Performing a violin concerto by W. A. Mozart can be very revealing, considering the music's deceptive simplicity and classical elegance. It's not music that plays itself; instead, the performer has to bring his or her own sense of musical style into the interpretation. And it gets a little more complicated when you have to write all your own cadenzas!
That was the task for semi-finalists in the virtual 2020 Shanghai Isaac Stern International Violin Competition for Day 3 and Day 4 performances.
Though Mozart wrote five violin concerti, just one was featured in this round: Mozart's Violin Concerto No. 4 in D major, K. 218. The movements are as follows:
II. Andante cantabile
III. Rondeau (Andante grazioso – Allegro ma non troppo)
In the videos below, you can follow the written music on the right-hand side of the screen as each contestant plays. This music represents the violin part as well as some of the melody lines in the piano parts. Contestants in these videos include Yue Qian (China); Jingzhi Zhang (China); Rino Yoshimoto (Japan); Katherine Woo (United States); Thomas Lefort (France) and Marie Bégin (Canada). You can find more performances, including previous semi- and quarter-finals, on the SISIVC Youtube channel.
Yue Qian of China began this series with a clean performance with good tone, preferring much of the time to play high in position rather than using first position, particularly in the second movement. Her first-movement cadenza went minor, then proceeded with interesting double-stops; and her second-movement cadenza took some interesting turns, with different keys and chords. She seemed to enjoy the playful third movement the most and had good clean passagework in the most difficult sections of this movement.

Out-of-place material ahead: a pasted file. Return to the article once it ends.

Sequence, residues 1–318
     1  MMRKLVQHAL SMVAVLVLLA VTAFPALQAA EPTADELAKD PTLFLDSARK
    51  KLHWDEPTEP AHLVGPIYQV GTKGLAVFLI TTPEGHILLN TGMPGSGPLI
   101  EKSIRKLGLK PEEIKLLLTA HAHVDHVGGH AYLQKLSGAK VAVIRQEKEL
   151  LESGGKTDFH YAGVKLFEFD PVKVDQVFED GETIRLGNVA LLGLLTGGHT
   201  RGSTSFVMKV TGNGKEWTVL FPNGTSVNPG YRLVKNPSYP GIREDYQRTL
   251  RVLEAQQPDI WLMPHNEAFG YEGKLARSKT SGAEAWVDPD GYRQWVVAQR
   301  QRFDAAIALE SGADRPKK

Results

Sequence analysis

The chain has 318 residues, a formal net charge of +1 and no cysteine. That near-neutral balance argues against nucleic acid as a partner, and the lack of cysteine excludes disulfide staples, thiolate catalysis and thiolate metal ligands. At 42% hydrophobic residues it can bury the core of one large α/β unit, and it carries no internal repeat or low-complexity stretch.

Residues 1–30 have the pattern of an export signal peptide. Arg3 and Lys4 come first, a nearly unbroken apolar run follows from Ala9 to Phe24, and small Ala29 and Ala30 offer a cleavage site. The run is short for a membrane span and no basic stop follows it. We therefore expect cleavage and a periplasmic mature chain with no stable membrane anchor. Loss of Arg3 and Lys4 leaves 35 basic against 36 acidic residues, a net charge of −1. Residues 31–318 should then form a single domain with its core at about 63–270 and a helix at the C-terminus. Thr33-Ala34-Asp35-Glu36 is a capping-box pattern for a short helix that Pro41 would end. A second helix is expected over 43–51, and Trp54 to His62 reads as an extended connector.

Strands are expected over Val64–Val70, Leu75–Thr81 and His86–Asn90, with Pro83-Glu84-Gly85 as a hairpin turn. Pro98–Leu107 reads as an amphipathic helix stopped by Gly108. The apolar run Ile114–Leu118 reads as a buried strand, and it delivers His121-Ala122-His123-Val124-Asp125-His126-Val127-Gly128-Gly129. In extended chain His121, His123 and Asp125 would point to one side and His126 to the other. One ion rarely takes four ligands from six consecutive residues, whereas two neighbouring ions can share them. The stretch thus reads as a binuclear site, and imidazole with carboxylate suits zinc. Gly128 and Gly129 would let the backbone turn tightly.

Jingzhi Zhang of China played the first movement at a nice fast clip, and her cadenza started aggressively with double-stops and string-crossings, before calming a bit. It was pretty complicated with triple- and quadruple-stops at times. The second-movement cadenza also included some flashy technique.
Rino Yoshimoto of Japan gave an energetic performance, creating little moments of beauty between the bouncy lines. The first-movement cadenza took cues from the opening of the piece and was well-paced, including also some fancy off-the-string double-stops. The second movement was graceful, with a fitting cadenza that was on the short side. The Rondeau was spritely and appealing - Yoshimoto really has that spark in her sound that makes one want to listen. For one of the cadenzas (the ones in the third movement are very short, almost just decorations), she simply played on first three notes of the movement, a clever idea.
Violinist Katherine Woo of the United States just gives the sense that everything is under control, and then it is - elegant, articulate and assuring. For her cadenzas she used some Bach-like double-stopping and voicing to accompany herself, carrying each idea long enough for the listener to fully understand it. The final movement was joyful and buoyant.
Thomas LeFort of France showed a lot of commitment with his first-movement cadenza, which was extensive: starting with a light touch, then moving into double stops, string crossings, spiccato - the cadenza was long and virtuosic, filled with many ideas. LeFort seemed to really relish the sweet melody of the second movement. At times during the third movement the fast-passage notes fell forward a little, with some bow control issues. The cadenzas showed clever ideas.
Marie Bégin of Canada opened the concerto with decisive off-the-string bowing and she continued with an interpretation that captured the Classical-period nature of this work. Her cadenzas were tasteful and appealing, but without a lot of flashy technique. The second movement was simple and beautiful - not soaked with vibrato, which fits the music for this period. She really caught the bright spirit of the last movement as well.
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The virtual semi-finals will continue for the Shanghai competition through Saturday, when Finalists will be announced. The SISIVC plans to hold the Finals in Shanghai in 2022.
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